Although skyscrapers dominate this part of town, there are many hidden alleys and lanes, and you can see many remnants of older eras of New York, including original buildings that date back to the mid-19th century. Trinity Church is where Alexander Hamilton is buried, among other early American notables. This isn't the original Trinity Church, which burned down in the 18th century, it's the third (the second was severely damaged by the winter of 1838). When built, it was the tallest structure in Manhattan. Across the street, you can see down Wall Street, and you can go visit the stock exchange if that's your thing. Federal Hall is just one block down across from the exchange. It isn't the original building, but this location played a key role in the events that led up to the Revolutionary war, served as the first capitol (before Washington DC was built), and is the location where the bill of rights was drafted.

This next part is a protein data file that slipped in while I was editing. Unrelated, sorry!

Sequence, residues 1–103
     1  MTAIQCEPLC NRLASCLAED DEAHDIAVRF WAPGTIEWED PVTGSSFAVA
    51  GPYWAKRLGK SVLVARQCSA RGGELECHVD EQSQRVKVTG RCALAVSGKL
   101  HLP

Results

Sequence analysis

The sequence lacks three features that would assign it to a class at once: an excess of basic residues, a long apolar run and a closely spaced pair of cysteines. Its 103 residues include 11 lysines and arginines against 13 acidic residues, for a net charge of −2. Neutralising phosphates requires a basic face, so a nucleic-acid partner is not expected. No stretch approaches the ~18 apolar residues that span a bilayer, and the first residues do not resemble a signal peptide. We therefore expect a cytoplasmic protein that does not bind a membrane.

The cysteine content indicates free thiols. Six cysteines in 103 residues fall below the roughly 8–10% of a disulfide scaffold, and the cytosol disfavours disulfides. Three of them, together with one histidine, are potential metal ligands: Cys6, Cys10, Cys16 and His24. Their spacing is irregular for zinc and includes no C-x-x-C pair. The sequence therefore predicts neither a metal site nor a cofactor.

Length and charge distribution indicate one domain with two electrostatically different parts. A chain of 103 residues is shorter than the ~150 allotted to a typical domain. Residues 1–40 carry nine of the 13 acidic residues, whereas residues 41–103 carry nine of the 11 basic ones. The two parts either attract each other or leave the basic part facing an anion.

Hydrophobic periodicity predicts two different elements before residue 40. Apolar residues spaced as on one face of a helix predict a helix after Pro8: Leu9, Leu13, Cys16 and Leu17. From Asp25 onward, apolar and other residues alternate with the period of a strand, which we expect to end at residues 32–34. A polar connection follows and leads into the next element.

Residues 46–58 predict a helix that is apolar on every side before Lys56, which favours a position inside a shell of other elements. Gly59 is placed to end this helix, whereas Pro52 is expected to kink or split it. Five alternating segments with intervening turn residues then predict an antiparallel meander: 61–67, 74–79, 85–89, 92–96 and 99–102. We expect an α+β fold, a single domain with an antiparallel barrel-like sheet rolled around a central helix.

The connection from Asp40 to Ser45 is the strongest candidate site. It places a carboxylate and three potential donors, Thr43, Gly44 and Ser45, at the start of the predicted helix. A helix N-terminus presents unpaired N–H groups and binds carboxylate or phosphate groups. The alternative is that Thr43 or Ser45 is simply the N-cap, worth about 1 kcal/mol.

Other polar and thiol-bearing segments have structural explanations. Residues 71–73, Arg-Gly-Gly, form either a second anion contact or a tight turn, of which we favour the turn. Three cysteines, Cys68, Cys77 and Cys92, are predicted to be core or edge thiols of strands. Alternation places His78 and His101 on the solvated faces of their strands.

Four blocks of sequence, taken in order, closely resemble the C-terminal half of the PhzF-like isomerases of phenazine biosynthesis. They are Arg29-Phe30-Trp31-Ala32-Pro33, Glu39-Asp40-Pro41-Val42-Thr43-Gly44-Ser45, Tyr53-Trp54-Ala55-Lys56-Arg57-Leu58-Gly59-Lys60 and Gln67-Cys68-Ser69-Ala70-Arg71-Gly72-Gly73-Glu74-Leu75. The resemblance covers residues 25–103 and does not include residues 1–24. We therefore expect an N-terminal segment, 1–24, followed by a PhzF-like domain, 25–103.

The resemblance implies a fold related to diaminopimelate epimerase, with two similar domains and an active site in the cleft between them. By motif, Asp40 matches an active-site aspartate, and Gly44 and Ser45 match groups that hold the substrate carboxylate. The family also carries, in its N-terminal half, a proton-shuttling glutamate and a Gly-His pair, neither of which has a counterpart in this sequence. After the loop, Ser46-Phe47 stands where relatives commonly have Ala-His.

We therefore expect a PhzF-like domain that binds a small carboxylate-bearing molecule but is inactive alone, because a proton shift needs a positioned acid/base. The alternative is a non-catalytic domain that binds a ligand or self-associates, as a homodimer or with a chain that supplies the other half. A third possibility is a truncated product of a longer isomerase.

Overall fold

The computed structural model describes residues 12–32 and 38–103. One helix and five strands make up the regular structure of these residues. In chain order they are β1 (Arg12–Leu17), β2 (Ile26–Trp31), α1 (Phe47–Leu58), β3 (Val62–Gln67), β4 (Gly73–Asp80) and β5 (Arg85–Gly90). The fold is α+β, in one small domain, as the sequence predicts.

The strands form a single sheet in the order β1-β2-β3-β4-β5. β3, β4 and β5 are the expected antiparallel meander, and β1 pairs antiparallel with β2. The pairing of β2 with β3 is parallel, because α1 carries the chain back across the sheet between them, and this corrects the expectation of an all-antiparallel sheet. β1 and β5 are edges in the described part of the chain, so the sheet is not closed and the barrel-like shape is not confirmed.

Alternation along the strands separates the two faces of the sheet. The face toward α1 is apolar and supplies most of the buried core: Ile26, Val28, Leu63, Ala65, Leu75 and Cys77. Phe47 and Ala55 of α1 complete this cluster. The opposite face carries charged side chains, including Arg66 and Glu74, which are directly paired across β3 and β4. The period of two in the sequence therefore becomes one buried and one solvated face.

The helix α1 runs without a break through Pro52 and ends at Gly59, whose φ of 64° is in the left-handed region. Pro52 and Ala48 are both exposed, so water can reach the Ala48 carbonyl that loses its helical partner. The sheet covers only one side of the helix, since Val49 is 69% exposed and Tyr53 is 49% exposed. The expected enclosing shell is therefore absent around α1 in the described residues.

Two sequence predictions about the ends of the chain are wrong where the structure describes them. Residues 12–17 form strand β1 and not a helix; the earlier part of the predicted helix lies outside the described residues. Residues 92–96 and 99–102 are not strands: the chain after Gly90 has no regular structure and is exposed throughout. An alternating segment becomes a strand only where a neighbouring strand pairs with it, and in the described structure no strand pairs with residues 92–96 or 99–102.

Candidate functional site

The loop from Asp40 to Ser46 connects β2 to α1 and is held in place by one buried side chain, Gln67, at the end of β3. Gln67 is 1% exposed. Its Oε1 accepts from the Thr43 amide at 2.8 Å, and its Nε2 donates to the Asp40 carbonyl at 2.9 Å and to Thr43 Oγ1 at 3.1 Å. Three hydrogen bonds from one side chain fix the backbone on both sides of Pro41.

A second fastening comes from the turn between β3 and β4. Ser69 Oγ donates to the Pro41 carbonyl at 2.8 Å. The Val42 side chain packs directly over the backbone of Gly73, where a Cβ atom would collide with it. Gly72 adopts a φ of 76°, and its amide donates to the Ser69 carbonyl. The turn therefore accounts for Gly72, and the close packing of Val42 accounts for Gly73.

The area around city hall is from a later era. On the south end of the Broadway/Park row intersection you can see the Woolworth building - the most opulent skyscraper ever built. Inside and out, it's modeled on gothic cathedrals, which earned it the nickname "the Cathedral of Commerce." It is truly a sight to behold and more interesting than most later, larger skyscrapers. Inside, the Burj Khalifa or Petronas towers are plain by comparison. The building isn't open to the public, but you can take a quick look into the lobby, which will reveal a glittering ceiling of gold inlay and gothic detail - a permanent memorial to the gilded age. Like the Customs house the Woolworth building was also designed by Cass Gilbert.